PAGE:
Survival of the Kindest

Survival of the fittest, move over. This collection of articles looks at research exploring the ways people are inherently cooperative. 

Illustration by Gavin Potenza

The dog-eat-dog version of human nature has been coming up against research that shows people are inherently altruistic and cooperative.

“We’re equipped with mechanisms for care and nurtuance,” says Emiliana Simon-Thomas, science director of the Greater Good Science Center. “And they’re as original as any we have for self-preservation and competition.”

For a peek into the evolution of our thinking about human nature, this collection of articles—originally published at Greater Good—touches on a range of aspects, from new research looking at our impulses to collaborate, our consumption patterns, and how we stack up in the animal kingdom.

The Cooperative InstinctThe Compassionate Instinct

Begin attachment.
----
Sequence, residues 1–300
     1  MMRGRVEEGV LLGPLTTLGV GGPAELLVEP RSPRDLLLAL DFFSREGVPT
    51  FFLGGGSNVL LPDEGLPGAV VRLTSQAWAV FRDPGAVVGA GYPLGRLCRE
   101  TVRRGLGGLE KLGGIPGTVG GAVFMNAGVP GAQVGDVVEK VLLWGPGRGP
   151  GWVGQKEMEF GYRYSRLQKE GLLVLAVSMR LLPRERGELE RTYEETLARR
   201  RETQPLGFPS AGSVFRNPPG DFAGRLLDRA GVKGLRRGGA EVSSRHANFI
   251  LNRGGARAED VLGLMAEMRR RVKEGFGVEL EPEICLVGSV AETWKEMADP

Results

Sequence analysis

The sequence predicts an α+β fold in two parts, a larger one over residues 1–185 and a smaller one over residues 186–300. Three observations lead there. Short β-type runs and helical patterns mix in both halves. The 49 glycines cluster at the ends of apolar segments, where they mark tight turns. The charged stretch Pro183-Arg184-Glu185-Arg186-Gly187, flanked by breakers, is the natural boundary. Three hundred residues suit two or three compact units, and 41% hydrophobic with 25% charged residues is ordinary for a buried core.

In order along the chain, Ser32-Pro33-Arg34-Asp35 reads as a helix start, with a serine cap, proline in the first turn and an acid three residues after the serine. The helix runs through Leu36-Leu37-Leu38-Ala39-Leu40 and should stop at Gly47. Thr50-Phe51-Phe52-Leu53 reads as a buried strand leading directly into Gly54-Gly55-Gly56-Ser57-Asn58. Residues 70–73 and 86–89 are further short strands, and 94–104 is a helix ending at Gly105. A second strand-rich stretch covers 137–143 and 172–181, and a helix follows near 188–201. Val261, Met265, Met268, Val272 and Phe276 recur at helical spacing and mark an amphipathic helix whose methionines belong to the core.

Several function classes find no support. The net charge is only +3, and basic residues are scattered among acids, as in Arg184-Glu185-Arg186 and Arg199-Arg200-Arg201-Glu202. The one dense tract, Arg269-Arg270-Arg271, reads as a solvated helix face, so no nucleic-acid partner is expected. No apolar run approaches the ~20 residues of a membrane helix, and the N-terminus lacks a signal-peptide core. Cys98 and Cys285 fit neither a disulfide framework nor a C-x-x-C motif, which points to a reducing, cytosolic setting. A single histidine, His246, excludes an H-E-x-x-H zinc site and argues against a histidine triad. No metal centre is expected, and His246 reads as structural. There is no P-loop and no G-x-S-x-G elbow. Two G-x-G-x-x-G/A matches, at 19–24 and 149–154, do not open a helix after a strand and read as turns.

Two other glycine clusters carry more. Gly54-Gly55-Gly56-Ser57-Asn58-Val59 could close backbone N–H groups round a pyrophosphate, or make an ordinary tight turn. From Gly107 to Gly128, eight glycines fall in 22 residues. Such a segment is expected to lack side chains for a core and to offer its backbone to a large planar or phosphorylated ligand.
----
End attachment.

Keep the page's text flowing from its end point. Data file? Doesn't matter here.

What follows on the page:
A new study finds that our first, quickest impulse is to cooperate, not compete. Read more.

Do Givers Get Ahead? Find Out.Do Givers Get Ahead?

It’s the givers, not the takers, who thrive the most in business, argues a new book. Read more.

Birds Do It. Bats Do It.Birds Do It. Bats Do It

What can humans learn from other species about cooperation? Read more.

Collaborative consumption - it's happening online.Connecting Through Collaborative Consumption

Could sharing and swapping goods online build a more cooperative society along the way? Read more.

 

This web extra provides additional information related to an article titled, “Kindness Evolution,” which appeared in the August 2013 issue of Mindful magazine.

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